Interesting article this morning on CNet. It discusses language usage. Bjarne Stroustrup (the creator of C++) claims that C++ is not being overtaken by languages like C# and Java. He claims it is a matter of marketing. Java has marketing, C# has marketing, C++ does not. He's probably right about that. There is no hype machine for C++. Sometimes though, hype influences reality. If I'm an aspiring programmer, I'll hear all this cool stuff about .Net, Java, or C#. I will then be more likely to gravitate toward them. Surveys show that, as a percentage of all programming, C++ has dropped from 76% in 1998 to 46% in 2004. That may say more about the size of the programming pool though than about the number of C++ programmers. Stroustrup maintains that there are 3 million C++ programmers.
One aspect the article touches on is teaching languages. When I went to school, pascal was the language of teaching. In a lot of places, it is currently Java. Why do universities instist on "teaching" languages? Why not teach what people really use? You can't argue that C++ is too complicated. It is more complicated than C# or Java, sure. But then again, a lot of your graduates are going to be programming in C++. By the above survey, about half of them will. If they can't handle it in school, how are they going to handle it in the real world? I am all for taking some classes to expose people to different programming paradigms (C++, Lisp, Smalltalk, C#/Java, Python, C, etc.) but the core of the curriculum should be based around one language. That should be a language that is useful everywhere. It makes no sense teaching an OS class using Java. No one but Sun uses it for OS's and we know how successful JavaOS was.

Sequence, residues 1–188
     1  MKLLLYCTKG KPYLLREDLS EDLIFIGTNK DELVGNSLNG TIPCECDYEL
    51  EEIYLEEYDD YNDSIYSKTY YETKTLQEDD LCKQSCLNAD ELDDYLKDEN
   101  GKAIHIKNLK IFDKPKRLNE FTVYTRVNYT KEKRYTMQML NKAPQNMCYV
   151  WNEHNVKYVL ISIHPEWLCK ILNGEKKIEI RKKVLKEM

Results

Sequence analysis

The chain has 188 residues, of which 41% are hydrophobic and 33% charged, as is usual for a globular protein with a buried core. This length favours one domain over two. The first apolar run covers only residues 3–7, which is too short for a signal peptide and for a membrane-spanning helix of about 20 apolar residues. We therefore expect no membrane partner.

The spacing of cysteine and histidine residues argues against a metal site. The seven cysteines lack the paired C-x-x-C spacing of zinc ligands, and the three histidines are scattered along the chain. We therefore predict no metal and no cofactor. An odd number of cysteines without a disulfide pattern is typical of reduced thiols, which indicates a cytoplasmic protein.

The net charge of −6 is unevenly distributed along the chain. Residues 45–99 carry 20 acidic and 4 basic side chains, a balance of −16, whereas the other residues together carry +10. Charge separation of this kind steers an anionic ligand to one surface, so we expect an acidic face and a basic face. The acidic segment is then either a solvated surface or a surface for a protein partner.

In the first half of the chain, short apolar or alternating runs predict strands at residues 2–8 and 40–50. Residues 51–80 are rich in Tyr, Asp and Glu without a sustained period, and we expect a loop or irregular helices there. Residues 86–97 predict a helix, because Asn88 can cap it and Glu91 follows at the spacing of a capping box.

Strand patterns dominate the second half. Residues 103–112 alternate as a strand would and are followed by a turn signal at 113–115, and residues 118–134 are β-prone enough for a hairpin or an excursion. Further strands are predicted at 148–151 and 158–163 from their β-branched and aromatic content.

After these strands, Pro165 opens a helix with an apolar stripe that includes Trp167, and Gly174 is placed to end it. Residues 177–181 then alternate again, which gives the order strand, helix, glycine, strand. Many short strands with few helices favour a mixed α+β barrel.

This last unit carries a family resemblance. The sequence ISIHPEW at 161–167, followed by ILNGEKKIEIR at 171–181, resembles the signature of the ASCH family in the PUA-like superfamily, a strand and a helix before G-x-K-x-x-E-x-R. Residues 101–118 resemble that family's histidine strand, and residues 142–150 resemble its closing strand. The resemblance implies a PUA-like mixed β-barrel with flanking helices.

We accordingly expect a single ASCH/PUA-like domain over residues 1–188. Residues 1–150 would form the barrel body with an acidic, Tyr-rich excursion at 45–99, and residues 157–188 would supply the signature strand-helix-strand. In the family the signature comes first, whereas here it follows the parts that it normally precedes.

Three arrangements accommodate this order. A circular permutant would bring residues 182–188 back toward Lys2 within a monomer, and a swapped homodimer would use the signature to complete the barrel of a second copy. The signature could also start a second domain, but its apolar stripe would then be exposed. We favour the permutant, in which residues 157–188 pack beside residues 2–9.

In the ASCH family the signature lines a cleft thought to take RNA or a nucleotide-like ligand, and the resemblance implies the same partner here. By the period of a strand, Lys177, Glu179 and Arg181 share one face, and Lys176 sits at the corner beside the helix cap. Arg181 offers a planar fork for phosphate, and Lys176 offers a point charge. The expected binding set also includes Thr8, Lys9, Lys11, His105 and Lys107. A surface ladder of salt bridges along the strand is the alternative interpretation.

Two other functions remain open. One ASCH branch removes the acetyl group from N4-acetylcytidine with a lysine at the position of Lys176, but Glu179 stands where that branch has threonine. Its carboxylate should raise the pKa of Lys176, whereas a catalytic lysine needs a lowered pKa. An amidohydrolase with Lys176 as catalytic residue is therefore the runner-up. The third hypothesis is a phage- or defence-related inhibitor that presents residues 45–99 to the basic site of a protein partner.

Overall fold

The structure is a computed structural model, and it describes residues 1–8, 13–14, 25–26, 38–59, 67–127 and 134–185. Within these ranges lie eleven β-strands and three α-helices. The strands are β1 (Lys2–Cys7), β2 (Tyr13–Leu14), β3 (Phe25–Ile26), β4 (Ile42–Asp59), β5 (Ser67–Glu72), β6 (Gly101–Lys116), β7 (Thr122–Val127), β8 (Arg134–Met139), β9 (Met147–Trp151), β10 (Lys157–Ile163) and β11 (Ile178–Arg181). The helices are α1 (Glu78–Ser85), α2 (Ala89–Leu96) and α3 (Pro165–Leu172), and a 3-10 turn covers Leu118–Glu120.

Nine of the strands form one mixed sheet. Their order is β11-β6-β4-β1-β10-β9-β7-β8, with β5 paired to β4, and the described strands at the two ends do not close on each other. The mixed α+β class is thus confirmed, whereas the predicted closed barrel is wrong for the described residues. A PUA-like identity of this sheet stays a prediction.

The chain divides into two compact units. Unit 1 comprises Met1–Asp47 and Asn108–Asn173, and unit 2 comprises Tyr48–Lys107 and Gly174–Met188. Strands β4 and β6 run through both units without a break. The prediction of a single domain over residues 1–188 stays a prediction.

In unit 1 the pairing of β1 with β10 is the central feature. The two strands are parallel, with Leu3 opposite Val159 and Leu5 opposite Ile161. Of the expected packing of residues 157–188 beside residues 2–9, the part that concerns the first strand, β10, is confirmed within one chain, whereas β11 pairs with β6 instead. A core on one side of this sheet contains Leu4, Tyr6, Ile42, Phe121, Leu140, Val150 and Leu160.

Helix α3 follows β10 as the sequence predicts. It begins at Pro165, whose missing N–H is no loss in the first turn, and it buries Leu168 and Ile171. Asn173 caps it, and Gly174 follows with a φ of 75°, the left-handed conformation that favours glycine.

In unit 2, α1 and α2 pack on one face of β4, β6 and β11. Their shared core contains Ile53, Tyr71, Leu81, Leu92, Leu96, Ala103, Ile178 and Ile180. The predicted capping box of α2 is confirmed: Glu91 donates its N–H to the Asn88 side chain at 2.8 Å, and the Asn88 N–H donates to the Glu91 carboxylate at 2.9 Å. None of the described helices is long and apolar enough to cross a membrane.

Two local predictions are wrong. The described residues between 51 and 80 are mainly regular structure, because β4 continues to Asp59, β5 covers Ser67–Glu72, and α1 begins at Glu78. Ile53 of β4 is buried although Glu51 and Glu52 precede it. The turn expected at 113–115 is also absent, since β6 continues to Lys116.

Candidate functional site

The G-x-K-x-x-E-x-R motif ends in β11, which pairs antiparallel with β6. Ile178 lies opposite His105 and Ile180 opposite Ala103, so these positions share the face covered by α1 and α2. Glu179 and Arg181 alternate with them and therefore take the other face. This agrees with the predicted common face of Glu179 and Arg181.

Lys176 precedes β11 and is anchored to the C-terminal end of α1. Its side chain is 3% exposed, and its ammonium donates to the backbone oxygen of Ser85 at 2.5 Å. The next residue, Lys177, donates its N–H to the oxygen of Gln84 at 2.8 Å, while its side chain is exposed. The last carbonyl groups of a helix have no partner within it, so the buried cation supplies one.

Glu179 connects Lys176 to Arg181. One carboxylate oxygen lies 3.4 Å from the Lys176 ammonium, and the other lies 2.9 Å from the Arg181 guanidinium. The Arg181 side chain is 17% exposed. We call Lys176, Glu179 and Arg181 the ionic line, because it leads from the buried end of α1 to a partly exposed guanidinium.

My final thought on the subject is that it shouldn't suprise anyone that Java, VB, and C# and even "languages" like PHP or Perl are gaining so much momentum. They are more accessible than C/C++. They are easier to learn and easier to use. It's harder to shoot yourself in the foot with VB than with C++. It's also harder to do many kinds of work. Why not start students with the more complex languages and work down from there. To learn C# from C++ is easy. To learn VB after you know C++ is easy. The other direction, not so much.
So, if you happen to be reading this and just starting out, consider learning C++ early. You'll be doing yourself a favor.